When it comes to fitness, I’m far from monogamous. In my lifetime, I’ve had a lot of different training modalities throughout the years. I used to run way back when. I’ve lifted weights. I’ve even tried various video workout systems.
One thing that’s always intrigued me is kettlebells.
Perhaps that’s what I turned back to them on Monday when I was going to start full-body training?
Let me explain.
Then Monday came and I was kind of stranded at home and the weather well and truly sucked. Lifting barbells wasn’t really workable.
Instead, I looked at my kettlebells (pictured above) and thought for a moment. I said to myself, “Self, those do give you a hell of a workout and you can still train your whole body with ’em.”
Then I replied, “You know what, Self? You’re right.”
OK, I didn’t actually say any of that crap, but you get the point.
For years, I’ve been a fan of kettlebells. The problem is that there’s so much BS surrounding them and what they can actually do. While there is one study that shows definitively that they’re excellent tools for conditioning, there aren’t a lot of studies that are well known for outlining the benefit of kettlebells.
That’s not to say there haven’t been studies. One took a look at whether swings would help sprinters (it didn’t). Another one shows that elderly women with sarcopenia (loss of muscle tissue due to aging) who engaged in kettlebell training maintained more muscle mass than those who didn’t train. This could be useful information, but the control group was women who engaged in no exercise rather than some other form of resistance training.
However, at least there are studies, and I’ll be going through them as I can because, well, I’m a curious bastard.
Until then, though, we have an issue. After all, there’s a lot of “bro science” surrounding kettlebells and what they can and can’t do, or at least that’s how it looks. This creates a lot of confusion, especially with regard to just how in the hell to train various body parts with this unusual implement.
So let’s take a step back and look at what I did, and then discuss where it’ll go in the future.
What I did and why
My routine was pretty straightforward. I did three sets of this single complex:
- Kettlebell Overhead Press – 8 reps each side
- Kettlebell Goblet Squat – 8 reps
- Kettlebell Swing – 25 reps
- Kettlebell Bent Row – 8 reps each side
- Pushups – 8 reps
I didn’t do these for time, nor did I really time my rest periods. I just took the break. Over the coming days and weeks, I’ll work to minimize those until I’m resting for something like a minute between them.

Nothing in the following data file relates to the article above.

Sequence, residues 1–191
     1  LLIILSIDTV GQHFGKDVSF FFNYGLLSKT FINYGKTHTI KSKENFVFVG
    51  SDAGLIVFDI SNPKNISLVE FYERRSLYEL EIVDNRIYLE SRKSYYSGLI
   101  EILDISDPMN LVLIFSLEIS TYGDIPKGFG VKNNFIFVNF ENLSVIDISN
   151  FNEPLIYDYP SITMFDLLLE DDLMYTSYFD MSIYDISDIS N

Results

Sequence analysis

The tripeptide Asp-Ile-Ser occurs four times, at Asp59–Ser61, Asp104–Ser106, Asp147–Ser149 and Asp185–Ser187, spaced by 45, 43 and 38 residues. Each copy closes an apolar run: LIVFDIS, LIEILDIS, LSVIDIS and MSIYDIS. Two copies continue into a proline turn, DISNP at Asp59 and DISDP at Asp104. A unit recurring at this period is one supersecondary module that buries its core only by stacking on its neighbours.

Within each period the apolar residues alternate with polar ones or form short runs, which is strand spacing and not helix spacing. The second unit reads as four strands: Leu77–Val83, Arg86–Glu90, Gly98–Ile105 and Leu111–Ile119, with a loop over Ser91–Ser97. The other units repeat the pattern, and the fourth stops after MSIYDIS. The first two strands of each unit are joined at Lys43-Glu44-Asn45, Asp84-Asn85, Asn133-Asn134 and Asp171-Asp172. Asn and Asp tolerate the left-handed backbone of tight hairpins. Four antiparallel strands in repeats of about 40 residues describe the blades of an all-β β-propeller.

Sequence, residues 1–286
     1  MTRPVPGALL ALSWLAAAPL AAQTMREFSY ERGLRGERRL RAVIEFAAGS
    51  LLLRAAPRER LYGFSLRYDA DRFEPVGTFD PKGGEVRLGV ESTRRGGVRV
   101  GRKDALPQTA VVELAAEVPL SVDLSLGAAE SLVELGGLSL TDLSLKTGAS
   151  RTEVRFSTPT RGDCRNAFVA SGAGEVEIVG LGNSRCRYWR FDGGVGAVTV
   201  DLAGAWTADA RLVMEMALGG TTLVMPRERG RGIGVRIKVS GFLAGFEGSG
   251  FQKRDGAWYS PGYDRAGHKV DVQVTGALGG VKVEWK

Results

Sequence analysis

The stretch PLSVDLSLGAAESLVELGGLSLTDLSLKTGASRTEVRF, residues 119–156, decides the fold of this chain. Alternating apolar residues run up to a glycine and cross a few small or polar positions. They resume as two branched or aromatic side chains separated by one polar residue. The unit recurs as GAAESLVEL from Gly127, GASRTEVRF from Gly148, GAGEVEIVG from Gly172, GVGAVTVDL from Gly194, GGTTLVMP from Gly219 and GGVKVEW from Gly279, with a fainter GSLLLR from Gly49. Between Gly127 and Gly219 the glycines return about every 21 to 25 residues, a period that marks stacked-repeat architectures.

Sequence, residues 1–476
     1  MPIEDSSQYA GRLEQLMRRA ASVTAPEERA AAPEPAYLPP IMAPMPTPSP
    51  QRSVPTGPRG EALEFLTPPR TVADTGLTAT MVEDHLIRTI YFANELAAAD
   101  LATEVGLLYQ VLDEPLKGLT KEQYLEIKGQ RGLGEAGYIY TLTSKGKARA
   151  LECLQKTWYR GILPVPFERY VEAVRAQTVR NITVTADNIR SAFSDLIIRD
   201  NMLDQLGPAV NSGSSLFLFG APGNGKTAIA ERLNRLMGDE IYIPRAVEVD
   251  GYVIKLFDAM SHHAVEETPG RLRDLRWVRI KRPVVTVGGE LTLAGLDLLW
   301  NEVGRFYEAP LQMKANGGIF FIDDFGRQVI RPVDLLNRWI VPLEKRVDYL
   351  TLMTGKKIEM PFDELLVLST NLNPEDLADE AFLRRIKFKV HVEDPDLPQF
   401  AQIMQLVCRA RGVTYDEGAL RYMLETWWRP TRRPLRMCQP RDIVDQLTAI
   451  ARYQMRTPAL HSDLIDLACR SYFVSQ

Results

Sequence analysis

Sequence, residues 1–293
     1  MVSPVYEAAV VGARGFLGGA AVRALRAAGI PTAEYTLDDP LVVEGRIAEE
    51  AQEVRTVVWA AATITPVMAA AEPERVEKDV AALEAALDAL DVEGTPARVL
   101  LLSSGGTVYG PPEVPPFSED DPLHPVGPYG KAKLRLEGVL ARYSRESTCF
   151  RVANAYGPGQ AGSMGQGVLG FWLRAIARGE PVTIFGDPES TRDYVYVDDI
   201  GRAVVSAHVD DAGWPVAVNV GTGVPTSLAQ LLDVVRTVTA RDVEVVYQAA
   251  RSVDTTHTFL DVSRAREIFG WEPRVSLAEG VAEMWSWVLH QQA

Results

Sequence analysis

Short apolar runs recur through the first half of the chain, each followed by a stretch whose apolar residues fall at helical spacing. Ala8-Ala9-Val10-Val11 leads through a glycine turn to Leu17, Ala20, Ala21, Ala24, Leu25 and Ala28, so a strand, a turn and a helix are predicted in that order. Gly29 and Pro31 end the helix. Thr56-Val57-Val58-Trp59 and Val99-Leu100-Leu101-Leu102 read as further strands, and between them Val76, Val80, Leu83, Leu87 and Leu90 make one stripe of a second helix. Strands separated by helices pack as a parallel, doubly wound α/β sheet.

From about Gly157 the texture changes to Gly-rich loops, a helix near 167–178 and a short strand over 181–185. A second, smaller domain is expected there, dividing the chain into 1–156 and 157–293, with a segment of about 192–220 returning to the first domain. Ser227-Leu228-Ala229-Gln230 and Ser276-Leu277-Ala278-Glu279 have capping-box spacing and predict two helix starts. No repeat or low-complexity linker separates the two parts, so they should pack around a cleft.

I’ll also add more rounds to this complex at some point in the future.
If you’ll note, there’s only a handful of exercises. That’s because this was simple and off the cuff, so while I talk about reducing rest and adding rounds to it, I may also just scrap this and add something with more thought in the very near future.
Talk Of Kettlebell Things To Come
While looking for authoritative voices on kettlebell training who weren’t directly trying to cash in, I found things kind of lacking. YouTube, for example, has few sizeable channels focusing on kettlebell training. While there are websites out there, I also see a lot of people just taking dumbbell exercises and inserting kettlebells, which isn’t quite right either.
So because of that, it’s time that someone starts looking at science-based answers for what kettlebells are good for and what they’re not.
I can’t draft anyone, so it’s time to start putting forward some work myself. I have access to a lot of the research and a drive to learn, so I guess it’s time to educate myself.
Look, I’m not a scientific type. While I appreciate science and respect researchers who try to understand the way everything works, I know I’m generally not one of them.
I have a great deal of respect for YouTubers like Dr. Layne Norton who actually is a scientist as well as Jeff Nippard who isn’t, but still provides informative content on exercise science. They’re far from the only two.
While I’m not really doing anything on YouTube at the moment, though, I can still try and provide the best information out there on this topic so we can really understand what kettlebells can and can’t do for us.
Maybe then we can understand how best to use them in our routines and in our lives as well as understanding when an exercise might be dangerous.
The thing is, though, I don’t want this to suddenly shift into a kettlebell blog where that’s all I talk about. As it is, I spend way too much time cycling through various subjects here, so I need to do a better job of balancing all that information.
As it stands, I’m going to limit myself to no more than two kettlebell posts per week. I know, I know. “Tom, you’re only posting twice a week as it is.”
You’re right, of course. I am.
But I also need to post at least one post per week about food as well as the odd gear review from time to time, so there are other things to write about.
For the record, I’m interested in hearing your thoughts on this. Do you want to see more kettlebell content? Do you want to see a lot more than once a week on nutrition and weight loss? Would you rather I just prattle on philosophically about hurting bad people who want to hurt you?
Or do you just want some chocolate cake?
I’ll understand either way.